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© 2018 The Sport Psychology Center   

Parents

 

There are many types of parents and parenting styles. There's the parent that shows little interest in his child's activities. There's the critical parent that is never satisfied with his child's performance. There's the parent that sees himself as knowing more than the coach. There's the over-protective parent that is always concerned and worried about his child's well being.

 

All of these types of parents create stress in their children! In fact the intensity of the child – parent relationship puts, by definition, pressure on the child. It is true even with the “perfect” parent.  The child craves the approval of the parent and wants to succeed in making the parent proud. The child knows how invested the parent is in his sport emotionally and financially not to mention the enormous amount of time he spends at practices and games. There is a tremendous amount of pressure on the child as he feels the need to succeed in order to please the parent.

 

 

 

 

 

 

 

 

 

Your child has chosen a path in life that is unique as day after day and week after week

he is continually putting himself on the line and risking failure.

You can help your child:

Take risks

Focus on

things he can control

Focus on performance and improvement

See a difficult situation in a

positive way

Respect the coach

Have fun

Remember, sport is what we do, not who we are.

This is a tool to begin a dialogue with your child. There are no right or wrong answers;

there may be more than one answer for each question.

  • I prefer that my parents

___ come to all my practices.

___ come to some of my practices.

___ come to none of my practices.

___other

 

  • I prefer that my parents

___ come to all my matches.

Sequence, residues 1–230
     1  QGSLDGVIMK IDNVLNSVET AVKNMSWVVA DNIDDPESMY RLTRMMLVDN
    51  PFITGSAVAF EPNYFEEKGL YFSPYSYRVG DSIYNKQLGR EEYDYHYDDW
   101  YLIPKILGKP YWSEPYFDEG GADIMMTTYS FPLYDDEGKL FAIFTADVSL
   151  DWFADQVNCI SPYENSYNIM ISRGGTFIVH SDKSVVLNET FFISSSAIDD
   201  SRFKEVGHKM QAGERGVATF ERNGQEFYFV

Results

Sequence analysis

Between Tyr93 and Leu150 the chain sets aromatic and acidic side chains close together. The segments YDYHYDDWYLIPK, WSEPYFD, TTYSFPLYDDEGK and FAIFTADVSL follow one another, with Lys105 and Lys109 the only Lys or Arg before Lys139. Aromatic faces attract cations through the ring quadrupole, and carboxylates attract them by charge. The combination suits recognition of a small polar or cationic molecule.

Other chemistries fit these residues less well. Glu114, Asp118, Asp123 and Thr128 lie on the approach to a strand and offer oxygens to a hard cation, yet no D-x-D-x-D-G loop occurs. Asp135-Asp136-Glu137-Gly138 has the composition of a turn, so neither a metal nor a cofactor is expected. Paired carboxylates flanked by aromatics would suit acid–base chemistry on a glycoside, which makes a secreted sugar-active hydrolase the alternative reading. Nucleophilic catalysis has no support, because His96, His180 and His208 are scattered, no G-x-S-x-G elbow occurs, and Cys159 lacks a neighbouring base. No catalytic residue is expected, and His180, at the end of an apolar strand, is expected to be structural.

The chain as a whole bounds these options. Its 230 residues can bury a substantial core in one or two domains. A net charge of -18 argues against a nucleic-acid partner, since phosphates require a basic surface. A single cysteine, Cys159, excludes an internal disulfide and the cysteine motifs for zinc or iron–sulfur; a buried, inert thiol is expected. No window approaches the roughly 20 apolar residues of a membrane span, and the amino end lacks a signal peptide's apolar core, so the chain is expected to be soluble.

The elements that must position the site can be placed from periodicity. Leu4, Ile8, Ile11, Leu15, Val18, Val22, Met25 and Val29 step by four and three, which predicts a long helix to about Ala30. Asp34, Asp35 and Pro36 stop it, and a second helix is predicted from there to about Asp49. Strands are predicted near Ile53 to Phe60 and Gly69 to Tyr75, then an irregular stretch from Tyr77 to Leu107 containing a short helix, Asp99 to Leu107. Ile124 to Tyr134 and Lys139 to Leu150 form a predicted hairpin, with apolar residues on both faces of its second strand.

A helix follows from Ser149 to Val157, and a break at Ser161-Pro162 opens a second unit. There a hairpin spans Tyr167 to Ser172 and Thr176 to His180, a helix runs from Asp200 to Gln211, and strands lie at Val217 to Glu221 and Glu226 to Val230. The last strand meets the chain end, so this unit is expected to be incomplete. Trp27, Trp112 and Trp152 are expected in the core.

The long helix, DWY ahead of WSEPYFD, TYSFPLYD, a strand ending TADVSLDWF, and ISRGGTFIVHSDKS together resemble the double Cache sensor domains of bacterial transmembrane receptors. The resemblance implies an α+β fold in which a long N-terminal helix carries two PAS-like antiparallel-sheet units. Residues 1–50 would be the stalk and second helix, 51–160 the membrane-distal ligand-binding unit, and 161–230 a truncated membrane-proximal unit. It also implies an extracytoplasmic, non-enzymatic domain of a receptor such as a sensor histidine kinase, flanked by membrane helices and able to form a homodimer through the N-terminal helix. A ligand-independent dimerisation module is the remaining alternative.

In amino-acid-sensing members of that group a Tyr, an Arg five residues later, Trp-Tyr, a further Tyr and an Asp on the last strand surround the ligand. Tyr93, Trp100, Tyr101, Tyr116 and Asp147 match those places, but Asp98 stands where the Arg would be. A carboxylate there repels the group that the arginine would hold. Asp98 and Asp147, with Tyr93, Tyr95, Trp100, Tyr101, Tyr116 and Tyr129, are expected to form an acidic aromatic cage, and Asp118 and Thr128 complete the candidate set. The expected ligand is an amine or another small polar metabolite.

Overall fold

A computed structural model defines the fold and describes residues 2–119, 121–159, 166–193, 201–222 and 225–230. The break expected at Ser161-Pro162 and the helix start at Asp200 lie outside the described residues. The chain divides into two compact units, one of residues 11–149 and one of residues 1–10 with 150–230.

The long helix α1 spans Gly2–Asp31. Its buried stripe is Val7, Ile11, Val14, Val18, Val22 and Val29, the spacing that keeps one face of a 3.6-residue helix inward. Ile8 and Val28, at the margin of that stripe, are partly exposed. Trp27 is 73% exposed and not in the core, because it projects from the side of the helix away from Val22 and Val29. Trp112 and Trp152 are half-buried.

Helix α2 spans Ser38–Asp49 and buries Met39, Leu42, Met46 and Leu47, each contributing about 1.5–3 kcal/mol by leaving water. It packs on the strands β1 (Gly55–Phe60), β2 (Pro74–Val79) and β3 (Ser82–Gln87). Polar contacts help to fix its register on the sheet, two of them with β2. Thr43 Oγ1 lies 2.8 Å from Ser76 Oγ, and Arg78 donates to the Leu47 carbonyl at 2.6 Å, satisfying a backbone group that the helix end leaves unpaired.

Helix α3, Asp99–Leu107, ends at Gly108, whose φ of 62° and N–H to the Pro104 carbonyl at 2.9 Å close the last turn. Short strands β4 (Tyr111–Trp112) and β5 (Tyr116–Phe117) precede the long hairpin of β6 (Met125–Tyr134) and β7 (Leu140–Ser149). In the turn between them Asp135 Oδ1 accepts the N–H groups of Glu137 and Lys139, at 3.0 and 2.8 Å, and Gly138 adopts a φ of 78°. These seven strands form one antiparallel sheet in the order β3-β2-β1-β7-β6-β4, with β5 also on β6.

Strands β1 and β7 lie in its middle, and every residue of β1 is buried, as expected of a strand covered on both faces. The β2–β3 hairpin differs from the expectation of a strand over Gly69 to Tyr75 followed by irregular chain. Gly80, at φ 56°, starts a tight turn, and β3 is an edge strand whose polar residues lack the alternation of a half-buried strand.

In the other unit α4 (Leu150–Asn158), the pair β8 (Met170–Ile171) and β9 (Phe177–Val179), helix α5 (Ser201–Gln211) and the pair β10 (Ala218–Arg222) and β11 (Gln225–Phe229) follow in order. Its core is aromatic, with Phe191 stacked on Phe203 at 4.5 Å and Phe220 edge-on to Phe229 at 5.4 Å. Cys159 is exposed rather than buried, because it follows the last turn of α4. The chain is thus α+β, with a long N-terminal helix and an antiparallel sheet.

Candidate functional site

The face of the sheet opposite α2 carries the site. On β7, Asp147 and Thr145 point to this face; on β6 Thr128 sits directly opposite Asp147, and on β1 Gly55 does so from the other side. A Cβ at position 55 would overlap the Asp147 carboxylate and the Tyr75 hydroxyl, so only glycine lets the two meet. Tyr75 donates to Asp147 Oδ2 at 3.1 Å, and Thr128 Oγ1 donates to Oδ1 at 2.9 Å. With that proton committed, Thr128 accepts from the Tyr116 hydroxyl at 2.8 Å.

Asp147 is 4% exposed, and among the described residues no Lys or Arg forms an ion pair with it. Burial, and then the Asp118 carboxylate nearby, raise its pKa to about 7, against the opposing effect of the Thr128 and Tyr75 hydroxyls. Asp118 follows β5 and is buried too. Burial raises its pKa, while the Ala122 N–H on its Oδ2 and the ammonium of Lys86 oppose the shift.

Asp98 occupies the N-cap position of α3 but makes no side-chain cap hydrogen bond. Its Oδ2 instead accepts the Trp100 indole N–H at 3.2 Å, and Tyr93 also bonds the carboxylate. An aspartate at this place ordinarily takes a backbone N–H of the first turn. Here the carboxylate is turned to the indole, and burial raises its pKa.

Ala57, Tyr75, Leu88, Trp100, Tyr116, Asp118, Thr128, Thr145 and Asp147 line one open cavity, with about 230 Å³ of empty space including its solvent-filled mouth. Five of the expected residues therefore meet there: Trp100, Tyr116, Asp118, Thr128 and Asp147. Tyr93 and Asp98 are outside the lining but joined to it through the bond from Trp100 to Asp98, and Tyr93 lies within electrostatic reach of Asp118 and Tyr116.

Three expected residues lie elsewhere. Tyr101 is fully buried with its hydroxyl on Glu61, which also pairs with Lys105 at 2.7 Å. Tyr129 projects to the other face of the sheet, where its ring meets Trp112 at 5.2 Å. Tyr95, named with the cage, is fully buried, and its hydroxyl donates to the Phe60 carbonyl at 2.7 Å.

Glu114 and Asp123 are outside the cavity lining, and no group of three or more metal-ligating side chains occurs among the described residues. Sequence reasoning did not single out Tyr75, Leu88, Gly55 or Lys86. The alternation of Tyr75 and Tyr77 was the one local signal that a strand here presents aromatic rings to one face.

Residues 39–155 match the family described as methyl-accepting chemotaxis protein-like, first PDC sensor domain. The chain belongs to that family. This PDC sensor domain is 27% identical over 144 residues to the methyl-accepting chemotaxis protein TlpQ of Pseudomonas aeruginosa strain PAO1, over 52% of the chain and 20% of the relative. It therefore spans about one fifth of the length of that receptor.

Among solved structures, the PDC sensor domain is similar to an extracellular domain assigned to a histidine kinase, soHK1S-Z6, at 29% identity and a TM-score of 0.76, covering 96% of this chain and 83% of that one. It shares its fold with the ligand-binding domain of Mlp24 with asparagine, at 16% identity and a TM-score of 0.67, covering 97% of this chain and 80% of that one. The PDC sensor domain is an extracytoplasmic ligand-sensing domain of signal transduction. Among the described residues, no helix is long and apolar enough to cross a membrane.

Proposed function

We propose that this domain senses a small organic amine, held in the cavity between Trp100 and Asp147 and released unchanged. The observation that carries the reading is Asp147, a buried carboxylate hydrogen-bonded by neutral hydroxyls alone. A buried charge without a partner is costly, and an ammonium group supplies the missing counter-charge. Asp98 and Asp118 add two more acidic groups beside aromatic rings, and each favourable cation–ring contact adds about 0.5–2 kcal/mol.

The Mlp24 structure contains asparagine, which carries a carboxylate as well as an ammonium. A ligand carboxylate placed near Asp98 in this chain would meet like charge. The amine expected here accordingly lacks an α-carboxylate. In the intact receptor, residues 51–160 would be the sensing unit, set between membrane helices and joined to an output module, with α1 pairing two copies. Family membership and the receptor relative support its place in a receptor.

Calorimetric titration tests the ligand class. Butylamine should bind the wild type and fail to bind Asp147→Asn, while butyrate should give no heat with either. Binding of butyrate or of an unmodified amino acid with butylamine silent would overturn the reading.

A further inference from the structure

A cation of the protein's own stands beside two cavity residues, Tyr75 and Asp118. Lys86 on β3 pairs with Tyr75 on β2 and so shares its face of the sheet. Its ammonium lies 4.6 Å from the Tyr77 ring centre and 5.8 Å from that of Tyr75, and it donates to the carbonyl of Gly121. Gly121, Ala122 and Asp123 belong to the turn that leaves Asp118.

___ come to some of my matches.

___ come to none of my matches.

___other

 

  • I prefer that my parents

___ speak with my coach often.

___ speak with my coach occasionally.

___ only speak with my coach when I agree.

___ never speak with my coach.

 

  • Before an important match, I prefer my parents

___ speak with me about the match.

___ speak with me about other things - not sport.

___ not speak with me.

 

  • During the match, I prefer my parents to

___ actively encourage me.

___ watch quietly.

___ help me if I have a problem with my opponent.

___ yell at me when I make a mistake.

  

  • After a match that I win, I prefer my parents

___ hug me.

___ tell me what I did well.

___ tell me what I didn't do well.

___ take me for something to eat.

___ talk about the match in the car.

___ talk about the match at home.

___ not talk to me about the match.

 

  • After a match that I lose, I prefer my parents

___ hug me.

___ tell me what I did well.

___ tell me what I didn't do well.

___ take me for something to eat.

___ talk about the match in the car.

___ talk about the match at home.

___ not talk to me about the match.

 

  • When I am in a "down" period with my tennis, I prefer my parents

___ speak with me about it.

___ not speak with me about it.

___ speak with the coach.

___ speak with other parents.